Last November, I was buying a bottle of wine in the lovely country of Transnistria. I had crossed the border intent spending my hard earned Transnistrian rubles and sampling Transnistrian food.
What? You’ve never heard of Transnistria?
That’s because it’s only recognized by two other countries in the world, Abkhazia and South Ossetia. You’ve probably never heard of them either. That’s because they’re really not countries by official definition; often referred to as de facto countries, they are places that have demanded autonomy and worldwide recognition, but have not received it yet. Even spell check doesn’t recognize them as I write this.
If you ask someone how many countries are in the world, you’ll get a lot of different answers. The official number recognized by the United Nations is 193, but that doesn’t take into account Vatican City, Taiwan, or Kosovo. Is Palestine a country? What about Scotland, Ireland, Northern Cyprus, or Israel? The more you travel around the world, the more confusing it becomes. There’s no better way of supercharging your knowledge of politics than visiting these little pockets of “freedom.”
For example, let’s say you want to visit Somalia. First, you may not really want to do that. Somalia is considered to be one of the most dangerous countries in the world. Beside the fact there really isn’t even a government in place, there’s piracy, kidnapping, and lots of unpleasant activities not usually found in most tourist brochures.
However, Somaliland is an independent state with a British majority population that is nothing like the country it is attached to. It’s not the safest place in the world, granted, but it you’re an experienced traveler and collect odd destinations in your passport like I do, you might be pleasantly surprised.
I was just visiting Cyprus last month and crossed from the northern side of the country (which considers itself its own country or part of Turkey) to the south. Cyprus is a beautiful island and there’s a lot to see and do. What’s interesting, though, is to travel between the two regions that are officially considered to be one state and see how radically different than they are from each other.
As soon as you cross the “border,” the language changes, the money changes, and the food changes. These two different ethnic groups have managed to coexist since the Turkish population seized the northern part of the island in 1983 and the UN set up a border to ease tensions between the two areas. In other words, these people have been in a state of limbo for 30 years. No one is really mad anymore, it seems, and travel is safe. For travelers, it’s happy hour on Cyprus. Buy one country, get the second one free.
Israel has a lot to see in a small country. But, wait! Is it a country? Not according to some of its Arab neighbors. If you ask the Israelis, those pesky Palestinians just keep wanting more and more of their homeland. It seems to be a monopoly game that no one wins. Have you ever wanted to visit “the little town of Bethlehem”? You might be surprised that it’s not so little anymore, looks nothing like the Christmas cards you sent your friends, and you’ll have to pass a few Palestinian checkpoints before you can visit Jesus’s birthplace.
East Jerusalem, Jericho, and the Dead Sea are all on the standard travel itinerary for visitors and controlled by the Palestinian Liberation Organization. Is it worth going? By all means. Your chances of running into any kind of political conflict are very rare. If you’re waiting for the area to settle down or you’re rattled by an occasional bomb going off, you’re in for a long wait.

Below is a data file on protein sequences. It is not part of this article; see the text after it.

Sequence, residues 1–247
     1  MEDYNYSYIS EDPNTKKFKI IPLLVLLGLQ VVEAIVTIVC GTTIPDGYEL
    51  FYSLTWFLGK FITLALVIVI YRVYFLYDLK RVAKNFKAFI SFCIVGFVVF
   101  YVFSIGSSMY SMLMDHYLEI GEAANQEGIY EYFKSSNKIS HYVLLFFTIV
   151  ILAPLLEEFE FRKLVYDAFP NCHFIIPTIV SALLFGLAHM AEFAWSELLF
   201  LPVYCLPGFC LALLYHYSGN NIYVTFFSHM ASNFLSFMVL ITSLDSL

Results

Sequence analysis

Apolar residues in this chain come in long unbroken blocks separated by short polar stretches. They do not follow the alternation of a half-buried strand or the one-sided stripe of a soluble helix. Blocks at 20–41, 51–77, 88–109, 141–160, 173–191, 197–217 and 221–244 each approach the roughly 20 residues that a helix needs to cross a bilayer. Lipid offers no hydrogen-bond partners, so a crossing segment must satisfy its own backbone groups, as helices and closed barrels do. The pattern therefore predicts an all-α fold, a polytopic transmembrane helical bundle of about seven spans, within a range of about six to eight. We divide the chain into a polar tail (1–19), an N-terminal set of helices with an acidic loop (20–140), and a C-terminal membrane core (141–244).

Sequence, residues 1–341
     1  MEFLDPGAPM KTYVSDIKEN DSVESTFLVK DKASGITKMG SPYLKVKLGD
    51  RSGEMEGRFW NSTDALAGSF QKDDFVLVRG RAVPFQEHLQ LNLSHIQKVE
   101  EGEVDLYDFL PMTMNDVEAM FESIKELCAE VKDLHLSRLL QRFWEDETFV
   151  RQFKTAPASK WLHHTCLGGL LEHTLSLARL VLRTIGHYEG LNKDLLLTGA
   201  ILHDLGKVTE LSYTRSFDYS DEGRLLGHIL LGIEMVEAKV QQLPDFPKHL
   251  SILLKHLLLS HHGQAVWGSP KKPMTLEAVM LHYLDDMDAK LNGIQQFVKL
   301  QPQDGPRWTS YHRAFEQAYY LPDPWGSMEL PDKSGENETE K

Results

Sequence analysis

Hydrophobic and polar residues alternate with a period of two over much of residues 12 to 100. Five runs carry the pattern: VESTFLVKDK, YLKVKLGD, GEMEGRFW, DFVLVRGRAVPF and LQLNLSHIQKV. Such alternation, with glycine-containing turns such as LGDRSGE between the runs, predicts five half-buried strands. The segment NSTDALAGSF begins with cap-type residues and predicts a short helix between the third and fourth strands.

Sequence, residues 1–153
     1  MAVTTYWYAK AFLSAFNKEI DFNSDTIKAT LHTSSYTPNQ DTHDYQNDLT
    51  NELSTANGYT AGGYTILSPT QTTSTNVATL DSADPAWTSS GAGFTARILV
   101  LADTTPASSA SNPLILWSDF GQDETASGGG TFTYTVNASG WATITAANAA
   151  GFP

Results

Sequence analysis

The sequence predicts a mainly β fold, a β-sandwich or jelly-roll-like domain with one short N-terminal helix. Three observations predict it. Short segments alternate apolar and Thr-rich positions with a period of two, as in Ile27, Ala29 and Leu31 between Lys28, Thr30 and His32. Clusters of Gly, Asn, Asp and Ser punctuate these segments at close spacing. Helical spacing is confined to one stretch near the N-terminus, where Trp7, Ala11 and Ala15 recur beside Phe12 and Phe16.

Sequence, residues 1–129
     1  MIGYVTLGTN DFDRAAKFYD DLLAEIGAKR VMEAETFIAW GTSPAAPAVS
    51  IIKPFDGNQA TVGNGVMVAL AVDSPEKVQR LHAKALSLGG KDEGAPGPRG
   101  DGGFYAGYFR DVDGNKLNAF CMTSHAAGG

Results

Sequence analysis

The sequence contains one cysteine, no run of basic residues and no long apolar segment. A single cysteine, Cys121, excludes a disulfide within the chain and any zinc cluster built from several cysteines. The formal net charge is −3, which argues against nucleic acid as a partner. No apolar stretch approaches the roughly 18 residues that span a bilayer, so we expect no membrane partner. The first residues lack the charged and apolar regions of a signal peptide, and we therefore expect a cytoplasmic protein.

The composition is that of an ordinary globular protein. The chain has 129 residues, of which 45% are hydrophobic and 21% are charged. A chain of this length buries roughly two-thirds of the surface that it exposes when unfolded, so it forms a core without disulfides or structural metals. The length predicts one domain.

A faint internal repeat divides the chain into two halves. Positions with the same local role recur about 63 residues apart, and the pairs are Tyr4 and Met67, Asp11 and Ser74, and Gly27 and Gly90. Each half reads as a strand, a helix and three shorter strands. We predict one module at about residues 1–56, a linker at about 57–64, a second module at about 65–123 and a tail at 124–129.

Sometimes these border checkpoints can be a little silly, if not maddening. When you cross into Guatemala from Belize, look at the map of Guatemala on the Guatemala side. Did you know that Belize doesn’t exist? Sure, they stamp your passport for some inexplicable reason, but they’ve been holding on to the belief that Belize belongs to Guatemala since 1940.
I was traveling in Morocco in the Spanish Sahara years ago. About every half hour we’d be stopped by the SADR and they’d have all of the passengers sign some documents, give our occupations, why we were there, blah blah blah…. After the first few stops, we realized that no one was really even looking at the sheets or knew why they were doing it. To keep from being annoyed, I was a brain surgeon at one stop, a rock and roll star at another, and whatever creative occupation popped into my head as I was filling out needless paperwork.
Usually these emerging countries are split by language, religion, rights, or economics. Look at Yugoslavia for example: a hodgepodge of people who didn’t belong together forced to be with each other like a bad rock and roll band. We’re lucky in the United States to be a fairly homogenous group so it’s unlikely that we’ll have any new countries splitting from America anytime soon. I suppose that if it did happen, we’d have Hollywood, an independent country of movie stars fighting over political office; or Cajunland, a French-speaking state strategically protected from its enemies by swamps and alligators.
It’s a good idea to do your research before you visit an unrecognized country. You should avoid areas with political demonstrations and be careful about how you treat border crossings. You can have a lot of fun visiting these places and collecting a refrigerator magnet, some coins, or other interesting souvenirs from your destination because you never really know if these states are going to become permanent or disappear. My bottle of Transnistrian vodka always makes an interesting conversation piece. Who else has one?
Bill Wiatrak is an avid international traveler and renowned local entertainer. To see more of his worldly adventures, tune into Wanderlust for his weekly contributions or check out his personal blog, www.thetravelingwizard.com.